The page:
The Causes of Urinary Incontinence
Leaking urine involuntarily can be embarrassing for patients to talk about with health providers. Urinary incontinence is not a disease, it is a symptom with many causes. Fortunately, many treatments exist to help improve or even eliminate symptoms of this common medical condition which affects as many as 1 in 5 women and 1 in 10 men during their lifetime.
How Urinary Function Works
Both the brain and the bladder muscles control the function of the urinary floor. The bladder stores urine and the muscles around the bladder are normally relaxed so that it can expand. The sphincter muscle controls the flow of urine by closing and opening around the urethra which carries urine out of the body. The fullness of the bladder sends a signal to the brain to contract the bladder muscles, which opens up the sphincter.
Types of Urinary Incontinence
- Stress Incontinence: the most common form of urinary incontinence which happens when the muscles of the pelvic floor have been weakened so that any pressure on the abdomen from activities like sneezing, bending or exercise can cause urine to leak.
- Urge Incontinence: the main symptom is a sudden and uncontrollable urge to urinate, even if the bladder isn't full. Leakage may occur before the person can reach a toilet. As many as 30-40% of people have urge incontinence.
- Mixed Incontinence: a term used for individuals with both stress and urge incontinence.
- Overflow Incontinence: most common in men with prostate problems, in this type of urinary incontinence, the body makes more urine than the bladder can contain or empty. Sometimes there is a problem with the bladder not emptying fully. The symptom is frequently urinating of small amounts called "dribbling."
Causes of Urinary Incontinence
The most common cause of stress urinary incontinence is a weakening of the pelvic floor muscles which wrap around the bladder and rectum, helping regulate the flow of urine. The muscles become weak because of:
- Childbirth: the more common occurrence of urinary incontinence in women is primarily because of childbirth. This is because the pressure on the bladder muscles during pregnancy can weaken the pelvic floor. Additionally, vaginal delivery can harm these muscles even more significantly. Having had multiple vaginal deliveries is a significant contributor to stress incontinence.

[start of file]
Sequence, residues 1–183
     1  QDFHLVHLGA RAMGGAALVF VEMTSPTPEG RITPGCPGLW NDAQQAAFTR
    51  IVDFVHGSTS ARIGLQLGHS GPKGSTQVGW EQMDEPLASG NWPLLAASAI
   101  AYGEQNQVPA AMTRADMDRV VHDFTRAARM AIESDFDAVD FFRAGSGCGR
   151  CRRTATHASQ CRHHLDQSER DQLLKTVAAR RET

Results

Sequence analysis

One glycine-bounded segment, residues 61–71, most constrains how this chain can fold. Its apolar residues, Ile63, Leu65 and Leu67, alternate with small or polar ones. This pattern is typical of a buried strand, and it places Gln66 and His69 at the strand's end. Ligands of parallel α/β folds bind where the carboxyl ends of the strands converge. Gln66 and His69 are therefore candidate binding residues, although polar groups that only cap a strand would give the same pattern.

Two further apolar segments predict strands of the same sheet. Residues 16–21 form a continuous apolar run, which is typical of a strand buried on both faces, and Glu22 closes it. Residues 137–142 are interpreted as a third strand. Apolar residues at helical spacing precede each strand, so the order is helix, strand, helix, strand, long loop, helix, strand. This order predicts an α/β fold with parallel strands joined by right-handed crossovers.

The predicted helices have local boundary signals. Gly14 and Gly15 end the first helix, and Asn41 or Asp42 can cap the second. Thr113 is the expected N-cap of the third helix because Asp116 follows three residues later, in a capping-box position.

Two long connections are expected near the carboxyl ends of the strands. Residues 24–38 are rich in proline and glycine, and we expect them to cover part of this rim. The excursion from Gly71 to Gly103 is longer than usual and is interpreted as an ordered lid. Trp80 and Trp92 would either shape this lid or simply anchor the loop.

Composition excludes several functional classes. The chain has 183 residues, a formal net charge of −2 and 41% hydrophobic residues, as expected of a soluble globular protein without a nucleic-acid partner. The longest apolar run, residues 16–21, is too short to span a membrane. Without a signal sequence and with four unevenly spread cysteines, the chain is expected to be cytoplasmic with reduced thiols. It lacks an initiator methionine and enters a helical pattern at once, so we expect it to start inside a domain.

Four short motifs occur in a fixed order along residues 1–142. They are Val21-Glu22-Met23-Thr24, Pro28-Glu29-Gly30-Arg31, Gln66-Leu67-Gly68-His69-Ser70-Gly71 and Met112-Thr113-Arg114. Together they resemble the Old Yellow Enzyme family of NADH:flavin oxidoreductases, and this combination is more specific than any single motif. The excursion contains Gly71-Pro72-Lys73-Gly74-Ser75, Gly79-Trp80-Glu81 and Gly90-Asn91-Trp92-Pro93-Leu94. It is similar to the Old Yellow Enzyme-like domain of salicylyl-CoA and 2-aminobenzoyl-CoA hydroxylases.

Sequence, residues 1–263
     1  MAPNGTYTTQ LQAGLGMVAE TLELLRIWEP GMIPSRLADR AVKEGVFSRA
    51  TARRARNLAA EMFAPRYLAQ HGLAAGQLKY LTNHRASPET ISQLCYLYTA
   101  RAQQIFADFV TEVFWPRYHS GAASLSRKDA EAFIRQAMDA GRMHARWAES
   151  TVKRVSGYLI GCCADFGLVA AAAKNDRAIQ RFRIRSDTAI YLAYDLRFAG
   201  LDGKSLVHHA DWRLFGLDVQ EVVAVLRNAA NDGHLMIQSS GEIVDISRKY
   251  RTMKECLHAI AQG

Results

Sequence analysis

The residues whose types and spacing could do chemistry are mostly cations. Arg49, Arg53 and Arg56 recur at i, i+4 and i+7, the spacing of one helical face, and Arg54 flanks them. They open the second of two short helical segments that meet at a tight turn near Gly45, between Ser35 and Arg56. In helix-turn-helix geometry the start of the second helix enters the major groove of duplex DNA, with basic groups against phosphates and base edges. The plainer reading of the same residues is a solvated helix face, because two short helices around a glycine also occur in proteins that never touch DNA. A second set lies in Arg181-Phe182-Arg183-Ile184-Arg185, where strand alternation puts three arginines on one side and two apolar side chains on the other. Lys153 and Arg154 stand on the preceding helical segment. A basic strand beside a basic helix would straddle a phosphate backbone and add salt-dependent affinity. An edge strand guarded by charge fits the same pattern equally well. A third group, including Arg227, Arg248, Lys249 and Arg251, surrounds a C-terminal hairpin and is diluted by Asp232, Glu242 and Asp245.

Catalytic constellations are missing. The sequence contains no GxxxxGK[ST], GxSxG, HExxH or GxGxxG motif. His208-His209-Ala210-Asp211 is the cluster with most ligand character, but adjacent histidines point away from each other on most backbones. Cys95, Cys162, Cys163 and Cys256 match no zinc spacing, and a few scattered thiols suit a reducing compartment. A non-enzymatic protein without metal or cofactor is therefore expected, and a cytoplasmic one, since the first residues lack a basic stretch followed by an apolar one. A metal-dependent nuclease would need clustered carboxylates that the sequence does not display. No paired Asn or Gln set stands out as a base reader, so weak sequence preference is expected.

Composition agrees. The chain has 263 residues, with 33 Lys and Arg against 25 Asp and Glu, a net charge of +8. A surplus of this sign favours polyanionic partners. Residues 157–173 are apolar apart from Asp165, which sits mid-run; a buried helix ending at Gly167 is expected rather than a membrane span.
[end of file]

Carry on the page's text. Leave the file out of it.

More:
- Menopause: the hormone changes in menopause can also cause a weakening of the pelvic floor.
- Surgery: women who have had hysterectomies or other pelvic floor surgery and men who have had prostate cancer surgery frequently have problems with urinary incontinence afterward.
- Prostate problems: men who have had prostate cancer surgery or other prostate problems often have an increased risk.
- Medicines: some medications are linked to urinary incontinence and others seem to worsen the condition.
- Obesity: Added weight can press on the bladder, meaning that stress incontinence is more common among obese individuals. Fortunately, improvement can occur with weight loss as modest as 5-10%.
- Smoking: because smokers often cough, smoking can aggravate stress incontinence symptoms.
- Age: people over the age of 60 often start losing muscle tone and that can include losing pelvic floor muscle strength.
- Stressful activity: repetitive lifting or high impact sports can stress the pelvic floor muscles and damage them.
- Other medical conditions: individuals with diabetes, high blood pressure or strokes have also been found to have more urinary incontinence. A tumor in the urinary tract or urinary stones can also cause urinary incontinence.
Urge Incontinence Causes
Urge incontinence occurs when the bladder is overactive and signals the need to urinate whether or not the bladder is full. Urge incontinence causes include:
- Neurological disorders: conditions which cause injury to nerve signals involved in bladder control are multiple sclerosis, Parkinson's disease, brain tumors, strokes or spinal injuries.
- Poor health: people who have many other medical problems are also at a higher risk for urge urinary incontinence.
- Caffeine and alcohol: excess consumption of caffeine or alcohol can cause urgency to urinate.
- Medications: some medications can cause an increase in urine production or require excess fluid intake that leads to urinary incontinence.
- Constipation: large amounts of stool can press on the bladder, cause the bladder to not fill as it should, or cause the bladder to contract.
Urinary Incontinence Outcomes
Urinary incontinence is not hereditary and not a normal part of aging even though it is a common medical condition. Although this condition can cause considerable emotional distress and make daily routines difficult, many treatments are available to help individuals manage leakage and have either considerable ease of symptoms or sometimes complete relief. Common treatments include Kegel exercises to strengthen pelvic floor muscles, diet and lifestyle changes, devices to prevent urine flow, absorbent pads and surgery, when necessary.
The views and opinions expressed in this blog are solely those of the author, and do not represent the views of IncontinenceSource, Kestrel Health Information, Inc., its affiliates, or subsidiary companies.